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Antidisestablishmentarianism is historically defined opposition to the removal of the Anglican church as the established Church of England. People who advocated the disestablishment of the church's official status were called disestablishmentarians, and their position was called disestablishmentarianism. Thus, opposition to this position was called antidisestablishmentarianism. In rare cases, this term might be used as a general reference to opposition to the disestablishment of something else. Most often, however, it is used as an example of a very long word, and it is sometimes claimed to be the longest non-technical word in the English language.
This word originated in the United Kingdom during the early 1800s. Disestablishmentarianism in the U.K. led to the removal of Anglican church as the Church of Ireland in 1871. Several Church of England dioceses in Wales were disestablished in 1920. Calls for the Church of England to be disestablished have persisted since then, as has the opposite position, antidisestablishmentarianism.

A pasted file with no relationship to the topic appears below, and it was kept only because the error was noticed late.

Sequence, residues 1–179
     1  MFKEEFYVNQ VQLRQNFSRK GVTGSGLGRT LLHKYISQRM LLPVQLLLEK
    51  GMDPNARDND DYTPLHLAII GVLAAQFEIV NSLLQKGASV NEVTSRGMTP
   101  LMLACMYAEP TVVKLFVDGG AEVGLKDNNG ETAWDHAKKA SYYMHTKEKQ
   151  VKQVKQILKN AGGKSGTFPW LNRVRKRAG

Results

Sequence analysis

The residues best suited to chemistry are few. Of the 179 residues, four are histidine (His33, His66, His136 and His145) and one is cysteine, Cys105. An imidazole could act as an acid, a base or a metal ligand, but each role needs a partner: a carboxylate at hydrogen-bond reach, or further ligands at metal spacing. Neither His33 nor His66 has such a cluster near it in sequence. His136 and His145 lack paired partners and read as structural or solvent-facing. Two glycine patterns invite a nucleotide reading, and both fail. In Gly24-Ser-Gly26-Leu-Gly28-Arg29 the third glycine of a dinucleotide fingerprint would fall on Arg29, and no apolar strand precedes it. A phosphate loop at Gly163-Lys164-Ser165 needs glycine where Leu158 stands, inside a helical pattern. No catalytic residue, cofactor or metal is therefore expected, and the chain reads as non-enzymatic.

Opposition to the removal of any government establishment might also be referred to as antidisestablishmentarianism. This might be in reference to the removal of any official state religion, for example. This usage of "antidisestablishmentarianism," however, is most likely a way of getting attention for this position because of the unusual length of the word.
At 28 letters long, "antidisestablishmentarianism" is popularly believed to be the longest English word that is not a proper noun, is not a technical or scientific term and was not intentionally coined to be an especially long word. It does not appear in some dictionaries because its usage has become virtually nonexistent except in reference to its length. A 29-letter word that appears in some dictionaries is "floccinaucinihilipilification," which refers to estimating something as being worthless but also is almost never used except as an example of a very long word. Even longer English words usually are scientific, medical or technical terms that combine multiple root words, prefixes and suffixes.
Who coined the term?